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Kinngait

Kinngait (Cape Dorset), Nunavut, incorporated as a hamlet in 1982, population 1,441 (2016 census), 1,363 (2011 census). The hamlet of Kinngait is situated on Dorset Island, off the southeast coast of the Foxe Peninsula of Baffin Island, 395 km southwest of Iqaluit. Known for a period as Cape Dorset, in 2020 the hamlet returned to its original Inuktut name, Kinngait, meaning “mountains.”

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Bar U Ranch

​Bar U Ranch, officially known as the North West Cattle Company, was founded in 1882 in the southern foothills of the Rocky Mountains, in what would become the province of Alberta. Nicknamed “Bar U” after the shape of its cattle brand, the ranch was one of the largest of the ranches dominating the prairies in the late 1800s. In the early 1990s, Parks Canada bought Bar U with the aim of turning it into a public place commemorating Canada’s ranching history. The Bar U Ranch National Historic Site opened in July 1995.

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Port-Royal National Historic Site

Located in Nova Scotia, Port-Royal National Historic Site features a reconstruction of the Port-Royal Habitation, one of the first settlements attempted by the French in North America (1605). Administered by Parks Canada, this historic site offers interpretive activities that convey the French settlers’ challenges in implementing the new colony. Visitors can also learn about the culture of the Mi’kmaq, the area’s first inhabitants of the land.

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Battle of the Plains of Abraham

The Battle of the Plains of Abraham (13 September 1759), also known as the Battle of Quebec, was a pivotal moment in the Seven Years’ War and in the history of Canada. A British invasion force led by General James Wolfe defeated French troops under the Marquis de Montcalm, leading to the surrender of Quebec to the British. Both commanding officers died from wounds sustained during the battle. The French never recaptured Quebec and effectively lost control of New France in 1760. At the end of the war in 1763 France surrendered many of its colonial possessions — including Canada — to the British.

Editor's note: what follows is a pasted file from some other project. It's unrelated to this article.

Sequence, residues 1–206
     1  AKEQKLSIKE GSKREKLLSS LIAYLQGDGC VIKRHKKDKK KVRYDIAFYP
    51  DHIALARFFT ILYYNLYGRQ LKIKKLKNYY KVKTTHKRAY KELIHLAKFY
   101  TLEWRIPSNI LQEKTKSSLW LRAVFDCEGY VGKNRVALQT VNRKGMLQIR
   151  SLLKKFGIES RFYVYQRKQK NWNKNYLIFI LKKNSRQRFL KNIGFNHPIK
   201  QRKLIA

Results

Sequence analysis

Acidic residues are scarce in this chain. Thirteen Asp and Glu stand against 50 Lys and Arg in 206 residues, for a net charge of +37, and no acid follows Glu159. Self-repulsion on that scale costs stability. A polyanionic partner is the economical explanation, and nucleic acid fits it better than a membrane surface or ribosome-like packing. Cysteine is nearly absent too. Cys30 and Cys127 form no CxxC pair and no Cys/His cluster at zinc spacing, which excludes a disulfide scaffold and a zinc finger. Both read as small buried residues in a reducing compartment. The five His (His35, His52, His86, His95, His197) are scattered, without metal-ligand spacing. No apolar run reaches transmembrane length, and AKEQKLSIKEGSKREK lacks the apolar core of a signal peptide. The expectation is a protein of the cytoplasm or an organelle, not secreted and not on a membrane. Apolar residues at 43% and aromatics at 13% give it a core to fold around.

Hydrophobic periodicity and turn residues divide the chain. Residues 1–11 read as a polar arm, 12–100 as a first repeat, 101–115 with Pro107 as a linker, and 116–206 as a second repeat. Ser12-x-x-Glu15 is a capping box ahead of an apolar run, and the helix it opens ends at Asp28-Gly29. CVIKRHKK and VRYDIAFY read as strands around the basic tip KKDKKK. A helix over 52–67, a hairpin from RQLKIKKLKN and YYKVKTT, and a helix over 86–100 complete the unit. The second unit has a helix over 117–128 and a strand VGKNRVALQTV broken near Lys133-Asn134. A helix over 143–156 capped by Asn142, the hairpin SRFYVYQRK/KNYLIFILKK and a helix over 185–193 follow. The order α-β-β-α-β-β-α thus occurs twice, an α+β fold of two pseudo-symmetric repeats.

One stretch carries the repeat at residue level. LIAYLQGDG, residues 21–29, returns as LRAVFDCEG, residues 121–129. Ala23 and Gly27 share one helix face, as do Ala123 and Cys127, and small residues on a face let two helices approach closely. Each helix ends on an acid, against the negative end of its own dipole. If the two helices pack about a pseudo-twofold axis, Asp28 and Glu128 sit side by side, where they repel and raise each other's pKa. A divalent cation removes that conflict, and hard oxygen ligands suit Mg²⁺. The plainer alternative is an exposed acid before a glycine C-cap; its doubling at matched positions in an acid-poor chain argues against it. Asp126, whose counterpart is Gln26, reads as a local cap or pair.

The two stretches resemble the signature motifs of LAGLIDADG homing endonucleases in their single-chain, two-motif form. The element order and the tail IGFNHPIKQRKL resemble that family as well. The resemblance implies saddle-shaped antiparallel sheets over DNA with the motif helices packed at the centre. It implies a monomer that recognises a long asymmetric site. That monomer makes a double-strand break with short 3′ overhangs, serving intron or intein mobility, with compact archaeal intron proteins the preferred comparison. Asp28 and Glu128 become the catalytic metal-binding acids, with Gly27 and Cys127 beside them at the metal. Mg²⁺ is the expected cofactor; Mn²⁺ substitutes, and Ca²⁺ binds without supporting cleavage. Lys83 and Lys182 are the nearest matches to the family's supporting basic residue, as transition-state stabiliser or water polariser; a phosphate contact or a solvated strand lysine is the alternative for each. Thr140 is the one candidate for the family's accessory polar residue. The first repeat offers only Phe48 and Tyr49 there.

(This is the full-length entry about the Battle of the Plains of Abraham. For a plain-language summary, please see Battle of the Plains of Abraham (Plain-Language Summary).)

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Red River Resistance

The Red River Resistance (also known as the Red River Rebellion) was an uprising in 1869–70 in the Red River Colony. The resistance was sparked by the transfer of the vast territory of Rupert’s Land to the new Dominion of Canada. The colony of farmers and hunters, many of them Métis, occupied a corner of Rupert’s Land and feared for their culture and land rights under Canadian control. The Métis mounted a resistance and declared a provisional government to negotiate terms for entering Confederation. The uprising led to the creation of the province of Manitoba, and the emergence of Métis leader Louis Riel — a hero to his people and many in Quebec, but an outlaw in the eyes of the Canadian government.

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Ksan

Ksan (or ‘Ksan) is a historical village, museum and campground, owned and operated by the Gitanmaax Band. It is located at the junction of the Skeena and Bulkley rivers in Hazelton, British Columbia. Ksan was established in 1970 as way to promote and preserve Gitxsan culture and history.